Monday 21 December 2015

Lee Wei Ling: My life as a newspaper columnist

By Lee Wei Ling, Published The Sunday Times, 20 Dec 2015

For those interested in the private world of writing and incidental public life of a columnist, here is a slice of my experience.

At the conceptual stage of a column, every word appears tentative and short-lived. Although I would have read the final version after my editor e-mails it to me, I am always curious about how the article would appear in the permanence of print. When I finally see the page, it is as usual just a solid block of text. It has meaning, of course. But what I intend and what the reader infers might well diverge.

Recently, I turned to the letters page and read advice from a Dr Yik Keng Yeong who said it's "good to exercise but don't overdo it". My column on Nov 15 was as much on a personal preoccupation with fitness as it was on "letting go". That was my headline for the article but it was not used. Anyone who knows the Chinese language and culture would get my not unsubtle point, I felt. "Letting go" refers to fang de xia, meaning the ability to let go of all that is transitory. That refers to not just objects but also physical fitness, position, power, and all that exist as distractions as we work towards our own "salvation".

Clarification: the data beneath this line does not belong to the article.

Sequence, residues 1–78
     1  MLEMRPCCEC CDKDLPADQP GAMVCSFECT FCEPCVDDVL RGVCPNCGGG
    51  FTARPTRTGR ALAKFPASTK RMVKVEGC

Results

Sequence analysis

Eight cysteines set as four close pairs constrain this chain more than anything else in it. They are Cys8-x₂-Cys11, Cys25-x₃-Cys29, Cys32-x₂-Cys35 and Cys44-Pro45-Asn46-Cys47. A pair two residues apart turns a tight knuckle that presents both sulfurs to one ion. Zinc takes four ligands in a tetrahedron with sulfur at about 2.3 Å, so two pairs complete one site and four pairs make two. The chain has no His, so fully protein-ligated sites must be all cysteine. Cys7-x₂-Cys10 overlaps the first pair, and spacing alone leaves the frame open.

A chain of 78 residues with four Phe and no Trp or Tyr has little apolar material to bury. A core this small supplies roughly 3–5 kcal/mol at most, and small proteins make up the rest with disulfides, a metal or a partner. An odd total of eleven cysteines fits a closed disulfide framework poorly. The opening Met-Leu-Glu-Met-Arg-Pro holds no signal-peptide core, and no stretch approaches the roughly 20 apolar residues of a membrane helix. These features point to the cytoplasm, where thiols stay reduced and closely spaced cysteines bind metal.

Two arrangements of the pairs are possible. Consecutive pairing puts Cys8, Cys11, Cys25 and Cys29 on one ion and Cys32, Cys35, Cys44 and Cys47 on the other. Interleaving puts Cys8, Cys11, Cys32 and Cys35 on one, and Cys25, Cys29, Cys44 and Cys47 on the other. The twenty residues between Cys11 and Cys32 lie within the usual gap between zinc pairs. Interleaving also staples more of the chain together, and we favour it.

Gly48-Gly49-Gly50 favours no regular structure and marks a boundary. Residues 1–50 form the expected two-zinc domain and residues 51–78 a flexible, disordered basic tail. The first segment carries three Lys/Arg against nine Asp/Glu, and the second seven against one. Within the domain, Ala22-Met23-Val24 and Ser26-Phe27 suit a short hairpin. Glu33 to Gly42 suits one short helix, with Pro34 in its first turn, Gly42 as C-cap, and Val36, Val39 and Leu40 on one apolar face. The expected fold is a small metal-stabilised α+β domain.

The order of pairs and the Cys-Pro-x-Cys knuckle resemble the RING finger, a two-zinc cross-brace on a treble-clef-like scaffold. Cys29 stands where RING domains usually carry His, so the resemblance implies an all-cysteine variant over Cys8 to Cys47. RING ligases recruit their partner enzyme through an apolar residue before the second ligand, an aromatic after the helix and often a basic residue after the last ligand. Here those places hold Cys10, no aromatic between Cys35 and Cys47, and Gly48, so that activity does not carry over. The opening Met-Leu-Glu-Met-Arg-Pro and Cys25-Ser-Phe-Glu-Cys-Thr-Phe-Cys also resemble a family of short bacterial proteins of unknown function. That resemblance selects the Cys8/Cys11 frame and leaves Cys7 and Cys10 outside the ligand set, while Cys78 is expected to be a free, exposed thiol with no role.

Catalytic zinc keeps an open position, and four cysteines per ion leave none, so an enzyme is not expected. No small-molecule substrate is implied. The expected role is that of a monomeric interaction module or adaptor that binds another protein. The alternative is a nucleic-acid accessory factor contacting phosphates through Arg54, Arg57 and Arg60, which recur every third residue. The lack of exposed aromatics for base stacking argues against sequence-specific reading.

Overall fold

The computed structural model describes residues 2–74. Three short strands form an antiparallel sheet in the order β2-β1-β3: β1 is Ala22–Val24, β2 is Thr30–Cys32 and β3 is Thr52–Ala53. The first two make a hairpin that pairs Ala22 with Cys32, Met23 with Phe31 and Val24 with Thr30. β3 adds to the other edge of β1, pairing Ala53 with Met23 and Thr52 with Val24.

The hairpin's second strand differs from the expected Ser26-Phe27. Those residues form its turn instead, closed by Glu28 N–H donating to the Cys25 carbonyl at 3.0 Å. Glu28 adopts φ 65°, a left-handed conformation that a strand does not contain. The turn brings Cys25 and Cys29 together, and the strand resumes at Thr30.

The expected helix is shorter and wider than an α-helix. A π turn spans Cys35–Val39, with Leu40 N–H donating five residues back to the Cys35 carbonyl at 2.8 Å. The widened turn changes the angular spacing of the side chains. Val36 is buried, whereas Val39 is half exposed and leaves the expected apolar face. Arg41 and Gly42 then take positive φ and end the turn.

My aim as a columnist is to not just dissect facts but also to share my own philosophy. For example, "salvation" in the above context is what I see as a release from the cycle of suffering. This accompanies all mortals who have not reached that level of spiritual attainment where we no longer are bound by desires that trap our thoughts and emotions - the Buddhist ideal of compassion with detachment.

I had been researching climate change for my column over a few weeks, as agreed with my editor. It was to be filed before he and I leave Singapore for a break. We agreed to maintain the frequency of the column during this time as it had been resuscitated only recently. The long absence of an article from me since May 3 was because I did not have any thoughts worth sharing. Even though I might accumulate many facts and track many discussions on a topic, if I have no unique insight or perspective to share, I decline to write.

That's what happened with the topic of global warming. I amassed information but my perspective is basically pessimistic. It appears to me that most countries will never try hard enough to prevent environmental degradation. In the not-too-distant future, Homo sapiens as a species will make our planet inhospitable. Without more to add, I dropped the topic.

Amid my private musings, there is also a public dimension to column writing. For example, my friends and my readers probably already know that this year has been a challenging one for me. I have to confront life without Papa. What was new to me was the solicitude so many Singaporeans and even non-Singaporeans extended to Papa and even me. It first started to sink in when people unknown to me sent me letters, cards, even books (usually those proselytising Christianity but also on other subjects as well).